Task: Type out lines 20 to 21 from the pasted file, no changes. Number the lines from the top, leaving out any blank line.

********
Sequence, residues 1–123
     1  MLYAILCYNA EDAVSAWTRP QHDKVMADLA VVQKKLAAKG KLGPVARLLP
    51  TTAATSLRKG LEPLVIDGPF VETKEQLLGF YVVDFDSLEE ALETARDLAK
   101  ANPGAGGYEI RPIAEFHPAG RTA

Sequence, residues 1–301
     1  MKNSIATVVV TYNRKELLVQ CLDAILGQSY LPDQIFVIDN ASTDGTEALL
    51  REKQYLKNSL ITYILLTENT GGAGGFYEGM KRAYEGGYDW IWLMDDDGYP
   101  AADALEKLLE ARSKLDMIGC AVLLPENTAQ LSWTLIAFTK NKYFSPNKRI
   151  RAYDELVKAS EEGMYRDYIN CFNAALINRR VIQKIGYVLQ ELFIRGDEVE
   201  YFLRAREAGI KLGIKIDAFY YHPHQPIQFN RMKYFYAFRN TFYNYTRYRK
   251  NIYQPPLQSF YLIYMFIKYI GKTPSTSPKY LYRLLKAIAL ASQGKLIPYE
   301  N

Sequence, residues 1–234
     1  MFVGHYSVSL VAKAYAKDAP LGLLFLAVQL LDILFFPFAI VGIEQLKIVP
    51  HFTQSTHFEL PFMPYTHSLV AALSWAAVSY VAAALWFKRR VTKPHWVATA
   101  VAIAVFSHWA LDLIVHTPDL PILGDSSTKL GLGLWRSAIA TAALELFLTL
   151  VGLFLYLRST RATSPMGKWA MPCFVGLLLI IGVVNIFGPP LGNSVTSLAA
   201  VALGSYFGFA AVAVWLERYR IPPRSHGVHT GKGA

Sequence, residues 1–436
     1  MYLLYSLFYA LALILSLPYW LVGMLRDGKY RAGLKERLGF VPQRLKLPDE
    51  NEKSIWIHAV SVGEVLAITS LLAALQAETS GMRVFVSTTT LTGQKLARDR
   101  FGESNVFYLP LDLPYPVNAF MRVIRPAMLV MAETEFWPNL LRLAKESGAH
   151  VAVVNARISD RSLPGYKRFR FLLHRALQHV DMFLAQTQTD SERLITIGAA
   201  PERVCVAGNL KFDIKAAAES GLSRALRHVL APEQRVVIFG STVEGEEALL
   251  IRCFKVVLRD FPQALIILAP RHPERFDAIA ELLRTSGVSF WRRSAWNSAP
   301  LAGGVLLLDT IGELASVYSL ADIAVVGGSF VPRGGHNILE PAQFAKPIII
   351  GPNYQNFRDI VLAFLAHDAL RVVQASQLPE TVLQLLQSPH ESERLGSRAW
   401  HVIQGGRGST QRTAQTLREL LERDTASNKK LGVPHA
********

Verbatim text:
     1  MYLLYSLFYA LALILSLPYW LVGMLRDGKY RAGLKERLGF VPQRLKLPDE
    51  NEKSIWIHAV SVGEVLAITS LLAALQAETS GMRVFVSTTT LTGQKLARDR